Thursday, June 4, 2009



We met Will, Naomi’s brother, in Chiapas, on his way back from Nicaragua, where he studied Spanish in a mountain village. Chiapas is a gorgeous state in the south of Mexico. We met in San Cristobal, which is a beautiful colonial city surrounded by green mountain peaks.

Our hotel's courtyard

In the afternoons it stormed, and we joyfully welcomed the rain, because it had been very hot and dry in Querétaro.

Our second day we arose early for a tour of Palenque the Mayan ruins in the jungle. On the way there we stopped at Agua Azul, a stunning series of falls of the most beautiful blue water.

When we arrived we took photos and enjoyed the scenery.

At the last minute it got hot, and we decided to swim in a still pool. It was the perfect temperature, cool and refreshing, but not cold.

We continued on to the next waterfall, which apparently was the one Arnold jumped off in Predator. It was out of season, so the waterfall itself was not so impressive, but we were able to go behind the waterfall into a cave with another waterfall inside, which was also not so impressive.

When we got to Palenque it was HOT.

It is a huge site, and we wandered around trying to find cooler, shady paths from one place to the next. The views from the tops of temples were incredible.

The most exciting part was going inside the center ruin. We went through underground passages and could almost imagine a different time.

There were beautiful plants and trees, including the flamboya tree, which was pretty flamboyant with its bright orange blossoms.

We had been warned not to make the 4 hour journey through the curvy mountain roads twice in one day, however, the tours are set up like that, and if you don’t come back the same day, it’s up to you to find your own way back. Plus, we wanted to enjoy San Cristobal more. Luckily, on the way back we were in more of a bus than a van, and it was dark, so the carsickness was not an issue anymore.
The next day we went to market day in the Mayan village of Chamula. On our way we saw a parade with impressive costumes.

We asked why the clowns were made to look so fat, and were told, “that’s the way it is here.” We have very few photos of Chamula, because it is disrespectful to take photos of the people and their beautiful traditional dress. Most men wore white, including fur vests, and the women had incredible blue and purple woven shawls and black fur skirts. The centerpiece of the village is a large white church with blue and green trim full of symbolism of the four directions, earth, air, etc.

The joining of indigenous culture with Catholic was clearly visible inside and out. We bought tickets to go in the church, (again no pictures because of the belief that the camera takes ones soul), and all the pews were pushed to the side. The floor was covered with aromatic pine needles, and everywhere you looked there were candles lit, on the floor, in front of shrines to saints, on altars. People were sitting in small groups on the floor, chanting, with bottles of soda near them. Traditions have melded, and it is believed that drinking the soda, in conjunction with prayer will get rid of bad spirits. Sometimes eggs are used, and in the most severe cases, a chicken is sacrificed. We didn’t see any chickens.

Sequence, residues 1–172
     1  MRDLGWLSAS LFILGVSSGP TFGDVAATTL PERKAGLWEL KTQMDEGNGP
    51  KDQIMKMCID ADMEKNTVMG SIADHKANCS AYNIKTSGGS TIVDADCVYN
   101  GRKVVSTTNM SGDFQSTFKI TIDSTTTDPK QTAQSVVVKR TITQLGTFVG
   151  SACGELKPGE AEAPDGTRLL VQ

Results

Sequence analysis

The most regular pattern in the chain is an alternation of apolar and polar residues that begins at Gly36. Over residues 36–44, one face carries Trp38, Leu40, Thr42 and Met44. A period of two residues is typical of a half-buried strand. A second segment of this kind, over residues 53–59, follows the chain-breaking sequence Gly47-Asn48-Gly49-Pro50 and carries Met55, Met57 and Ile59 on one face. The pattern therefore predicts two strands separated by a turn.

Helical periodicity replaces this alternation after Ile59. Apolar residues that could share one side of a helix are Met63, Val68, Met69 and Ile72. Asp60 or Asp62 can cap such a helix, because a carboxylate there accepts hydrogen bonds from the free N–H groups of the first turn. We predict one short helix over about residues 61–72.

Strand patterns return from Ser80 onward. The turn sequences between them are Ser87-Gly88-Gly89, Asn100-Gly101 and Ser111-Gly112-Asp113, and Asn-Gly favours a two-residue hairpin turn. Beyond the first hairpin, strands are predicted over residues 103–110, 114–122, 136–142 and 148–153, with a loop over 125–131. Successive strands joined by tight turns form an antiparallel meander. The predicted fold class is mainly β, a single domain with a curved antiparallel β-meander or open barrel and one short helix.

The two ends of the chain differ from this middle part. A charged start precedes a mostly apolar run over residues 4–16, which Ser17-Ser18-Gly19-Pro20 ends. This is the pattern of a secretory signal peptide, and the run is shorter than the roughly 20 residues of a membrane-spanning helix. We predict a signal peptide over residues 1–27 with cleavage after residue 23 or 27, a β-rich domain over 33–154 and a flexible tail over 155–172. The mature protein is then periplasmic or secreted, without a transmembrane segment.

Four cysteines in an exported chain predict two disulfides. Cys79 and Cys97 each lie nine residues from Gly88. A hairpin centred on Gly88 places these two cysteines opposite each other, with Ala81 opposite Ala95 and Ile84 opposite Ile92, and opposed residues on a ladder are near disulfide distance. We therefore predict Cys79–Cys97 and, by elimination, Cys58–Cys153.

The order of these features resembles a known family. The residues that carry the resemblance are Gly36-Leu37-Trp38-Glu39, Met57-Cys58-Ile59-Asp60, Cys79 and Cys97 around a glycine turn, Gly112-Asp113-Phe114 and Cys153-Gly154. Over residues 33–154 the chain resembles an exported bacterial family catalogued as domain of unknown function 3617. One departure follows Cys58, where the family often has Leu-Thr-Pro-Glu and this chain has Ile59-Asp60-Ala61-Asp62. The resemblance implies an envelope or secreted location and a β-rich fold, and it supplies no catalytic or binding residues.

A lot of things were still closed because of the flu scare, so we missed the jungle zoo with endangered species in Tuxtla.

Will came back to QuerĂ©taro with us, and we got back into the swing of our normal life… briefly. Two things happened that shifted things for us significantly:
1. Naomi got a bacteria in her gut (origin unknown, since she and Will ate all the same things) that set her back for a week, and then it took another week to regain her energy.
2. At the same time, we discovered we did not have water at our house. Not such a good combination. Will and Jose were heroic in their care of Naomi, as well as their determination to figure out the water situation. Oddly, the water situation took a full 2.5 weeks to be resolved. In the meantime, we decided to move on. We easily found a small colonial house closer to the center, and packed our possessions. Our dear friend Barry, who was on his way out of town, offered us his home, right in the center. This was the biggest blessing of all; we were able to relax and recuperate, with the comforts of water, a breezy house, and beautiful views. It was healing to wake up to views of church domes.